• A still-in-progress replication of Thomas Jefferson’s personal library, being gathered text by text from around the world
  • The Main Reading Room (one of several research enclaves accessible to anyone over 16 wishing to study… provided you can keep up with their code of conduct [Cue finger-wagging librarian])
  • The office of the Librarian of Congress (currently Carla Hayden)

Confession no. 2: I now have office envy. But it’s probably for the best that my own workspace isn’t quite so nice.

It’d be a poor fit with my efforts to combat workaholism.

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All About Aruba: 5 Hints for Making the Most of Your Trip

As mentioned in last week’s photo-gallery based post, I recently had the blessing of vacationing on the beautiful arid island of Aruba. The trip was made all the better by the company: my husband, my best friend, and her fiancé.

For my readers contemplating their own Caribbean getaway, I wanted to offer reflections on what made our Aruba trip a successful escape: Continue reading “All About Aruba: 5 Hints for Making the Most of Your Trip”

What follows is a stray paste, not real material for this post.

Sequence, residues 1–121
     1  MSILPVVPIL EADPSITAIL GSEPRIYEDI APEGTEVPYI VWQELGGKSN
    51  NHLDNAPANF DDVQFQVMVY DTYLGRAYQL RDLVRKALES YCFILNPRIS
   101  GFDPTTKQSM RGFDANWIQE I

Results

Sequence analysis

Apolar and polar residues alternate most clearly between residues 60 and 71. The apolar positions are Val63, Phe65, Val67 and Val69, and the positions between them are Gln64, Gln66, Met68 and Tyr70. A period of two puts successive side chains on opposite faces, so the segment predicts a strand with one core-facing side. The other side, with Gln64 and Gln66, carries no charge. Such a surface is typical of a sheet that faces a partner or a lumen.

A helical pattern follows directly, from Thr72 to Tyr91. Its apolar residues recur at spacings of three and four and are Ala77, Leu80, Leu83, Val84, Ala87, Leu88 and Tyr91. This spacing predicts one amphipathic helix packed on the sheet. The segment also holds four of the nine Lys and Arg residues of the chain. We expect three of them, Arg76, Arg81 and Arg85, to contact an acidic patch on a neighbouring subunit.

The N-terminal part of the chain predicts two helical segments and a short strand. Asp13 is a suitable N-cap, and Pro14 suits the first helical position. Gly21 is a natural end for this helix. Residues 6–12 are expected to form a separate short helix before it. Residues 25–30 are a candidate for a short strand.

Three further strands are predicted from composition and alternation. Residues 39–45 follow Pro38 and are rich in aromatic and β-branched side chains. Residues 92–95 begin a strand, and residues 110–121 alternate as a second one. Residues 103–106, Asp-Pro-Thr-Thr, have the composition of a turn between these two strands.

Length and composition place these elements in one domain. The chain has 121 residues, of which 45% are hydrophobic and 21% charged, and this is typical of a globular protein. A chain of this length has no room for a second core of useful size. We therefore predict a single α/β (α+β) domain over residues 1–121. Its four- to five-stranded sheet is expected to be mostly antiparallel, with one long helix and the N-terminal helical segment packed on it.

Terra Cotta Men & Mercury Poisoning

Having lived in China for over a year now, I’ve nabbed a few opportunities to venture out exploring from my home base of Chengdu. I have under my belt multiple visits to the glittering capital of Beijing; I’ve stopped in Guangzhou, an important southern port city. My husband and I visited Jiuzhaiguo and its breathtaking nature park; we made our way up to Harbin, a Chinese city located near the Russian and North Korean borders (a phenomenal trip that included visiting the world’s largest ice festival, as well as snow fox and baby tiger-snuggling moments).

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See?! Baby tiger!

But of all the Chinese spots I’ve been blessed to see, perhaps the most pleasantly surprising was Xi’an. Continue reading “Terra Cotta Men & Mercury Poisoning”

Great Wall, Great Experience

According to China’s late Chairman Mao, “Bù dào cháng chéng fēi hǎo hàn.”

Or, in our own tongue:

“He who has not been to the Great Wall is not a true man.”

This sentiment is one of a few about which Mr. Mao and I disagree. But I will give the man this: The Great Wall (aka: cháng chéng) truly is one of China’s must-see sites.